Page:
Here's a little word game for you: There is a trio of common words—6, 7, and 8 letters in length—in which the 6-letter word also serves as the first 6 letters of the longer words. Hint: People with less vocabulary savvy than you often use two or more of these words interchangeably, but they oughtn't do that.
Patrick Blindauer's New York Times puzzle takes things a step beyond crosswordland, as is Patrick's wont. In this one, the central entry reads CONNECT THE O'S, and the clue instructs us to do that with four straight lines. CLARINET / RELATIVE is clued as a [hint to this puzzle's secret]. If you're like me, you gazed at this resulting layout:
and wondered what the hell kind of musical instrument that was a symbol for. I even Googled clarinet relative, since only the bassoon and flute came to mind. Eventually it hit me: an oboe sounds like an "O bow," and that's what the thingamabob in the grid is, an O bowtie. The oboe is likely the most commonly used musical instrument in crossword grids, so it's a sweet twist to repurpose it for a higher use than Modern High Crosswordese. (If you missed the recent puzzle where the EBRO River was repurposed in a splashy manner, Rex and I will give the details in our first annual American Crossword Critics Association honors on Friday. Constructors, feel free to don your gowns and tuxedos on Friday; if you don't win, you can still enjoy the glamorous imaginary parties after the virtual award presentation.) The fill in Patrick's puzzle didn't stand out as clunky or forced, though the mandatory placement of the letter O in those 22 squares and nowhere else certainly constrained the filling process. Now, you might argue that ATLI, [Mythical king of the Huns], is a crappy crosswordese answer, but I like it because Tyler Hinman and I named our pub trivia team Atli one week. Favorite clue: [Souvenir from a bad trip?] for ABRASION.
The New York Sun puzzle is by Bob Klahn. Be not afraid! It is not so beastly at all. In "Piece by Piece," there are six short (8 to 10 letters) theme answers, each of which has two words or is a compound word—and each half of a theme entry fits the "___ piece" template. For example, TIME PERIOD feeds into timepiece and period piece, so there are 12 different "___ piece" answers inherent in the theme. Favorite clue: [Country with an upside-down Polish flag] for INDONESIA. I thought the Polish flag had a red eagle on it, so this seemed highly unlikely, but whaddaya know? Poland's got white on top, red on the bottom, and Indonesia's the opposite (and the Isle of Man has three legs radiating out from a central point!). Favorite fill: DEM BUMS, a.k.a. the Brooklyn Dodgers. ABIE is clued with reference to the old comic strip, "Abie the Agent," which was dreadfully obscure to me in last Thursday's NYT crossword but now? It's old hat.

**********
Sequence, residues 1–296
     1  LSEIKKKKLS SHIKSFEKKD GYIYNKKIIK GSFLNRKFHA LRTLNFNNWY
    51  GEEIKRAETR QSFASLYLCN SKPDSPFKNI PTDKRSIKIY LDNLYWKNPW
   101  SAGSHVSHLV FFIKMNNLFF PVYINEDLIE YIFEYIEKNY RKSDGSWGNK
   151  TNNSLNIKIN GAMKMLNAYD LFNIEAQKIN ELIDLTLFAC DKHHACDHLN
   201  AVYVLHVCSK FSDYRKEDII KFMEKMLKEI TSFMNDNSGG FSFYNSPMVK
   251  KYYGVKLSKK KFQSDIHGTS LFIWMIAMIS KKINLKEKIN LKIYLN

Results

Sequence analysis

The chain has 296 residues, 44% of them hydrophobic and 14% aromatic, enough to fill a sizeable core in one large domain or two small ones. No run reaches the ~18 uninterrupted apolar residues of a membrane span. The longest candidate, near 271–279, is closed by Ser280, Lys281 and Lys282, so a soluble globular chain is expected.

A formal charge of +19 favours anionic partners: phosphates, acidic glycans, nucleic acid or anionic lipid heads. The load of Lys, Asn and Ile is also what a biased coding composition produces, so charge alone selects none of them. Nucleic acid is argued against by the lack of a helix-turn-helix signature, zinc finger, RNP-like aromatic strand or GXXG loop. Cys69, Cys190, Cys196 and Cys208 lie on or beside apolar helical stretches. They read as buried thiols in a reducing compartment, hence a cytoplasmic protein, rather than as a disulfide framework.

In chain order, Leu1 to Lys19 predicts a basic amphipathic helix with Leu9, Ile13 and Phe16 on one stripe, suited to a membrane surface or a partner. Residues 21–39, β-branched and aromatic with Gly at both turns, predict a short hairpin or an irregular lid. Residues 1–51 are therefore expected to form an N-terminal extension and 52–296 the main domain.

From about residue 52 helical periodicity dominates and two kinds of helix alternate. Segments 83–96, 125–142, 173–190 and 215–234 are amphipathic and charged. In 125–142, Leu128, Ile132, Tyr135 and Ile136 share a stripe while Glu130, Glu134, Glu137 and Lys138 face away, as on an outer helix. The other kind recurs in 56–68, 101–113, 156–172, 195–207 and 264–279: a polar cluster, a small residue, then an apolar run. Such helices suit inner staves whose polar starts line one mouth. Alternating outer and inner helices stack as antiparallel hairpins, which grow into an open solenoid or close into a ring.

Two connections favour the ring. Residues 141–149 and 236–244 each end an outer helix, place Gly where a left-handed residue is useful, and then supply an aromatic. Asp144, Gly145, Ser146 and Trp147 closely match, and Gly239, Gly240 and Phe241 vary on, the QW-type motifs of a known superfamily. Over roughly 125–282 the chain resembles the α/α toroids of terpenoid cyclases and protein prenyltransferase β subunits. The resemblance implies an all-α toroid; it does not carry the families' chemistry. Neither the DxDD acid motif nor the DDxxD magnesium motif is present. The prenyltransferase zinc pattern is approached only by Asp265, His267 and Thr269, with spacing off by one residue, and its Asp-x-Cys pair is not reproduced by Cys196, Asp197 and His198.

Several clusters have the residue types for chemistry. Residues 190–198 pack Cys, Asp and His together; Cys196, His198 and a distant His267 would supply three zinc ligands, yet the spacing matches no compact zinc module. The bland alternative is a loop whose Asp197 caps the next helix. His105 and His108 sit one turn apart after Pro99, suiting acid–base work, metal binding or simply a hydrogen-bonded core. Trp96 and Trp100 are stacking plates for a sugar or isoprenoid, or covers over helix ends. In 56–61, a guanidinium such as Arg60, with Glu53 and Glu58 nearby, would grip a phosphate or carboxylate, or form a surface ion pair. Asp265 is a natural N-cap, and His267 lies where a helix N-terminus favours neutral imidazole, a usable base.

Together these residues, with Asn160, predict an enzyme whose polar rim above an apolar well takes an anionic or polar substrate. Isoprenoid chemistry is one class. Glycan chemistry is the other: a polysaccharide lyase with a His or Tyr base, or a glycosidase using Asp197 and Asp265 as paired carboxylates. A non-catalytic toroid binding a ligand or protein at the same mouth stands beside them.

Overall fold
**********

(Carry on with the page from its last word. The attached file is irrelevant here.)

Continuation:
Ben Tausig's Ink Well/Chicago Reader puzzle, "Congestion Procession," says to me, "I hab a code." The theme entries are spoken by someone so congested, the M sound can't get through the nose and sounds like a B. Thus, maybe someday becomes BABY SUB DAY (an [Occasion for mini hoagies?]), and "Show me the money" mutates into SHOW BEA THE BUNNY. Answers that fail the stodgy Sunday morning breakfast test: [Places that might have troughs] are MEN'S ROOMS, [Big name in feminine hygiene] is KOTEX, and a [Johnson] is a WANG. Answers that were beyond my ken: the Southern rapper BUN B, that it was ANNIE who sang "Chewing Gum," that T-BIRD is a cheap fortified wine. Most appalling thing I learned: The New York Post headline upon IKE Turner's death was "Ike 'Beats' Tina to Death." Wow, the post is sleazy. Domestic violence double entendres fail the ha-ha test.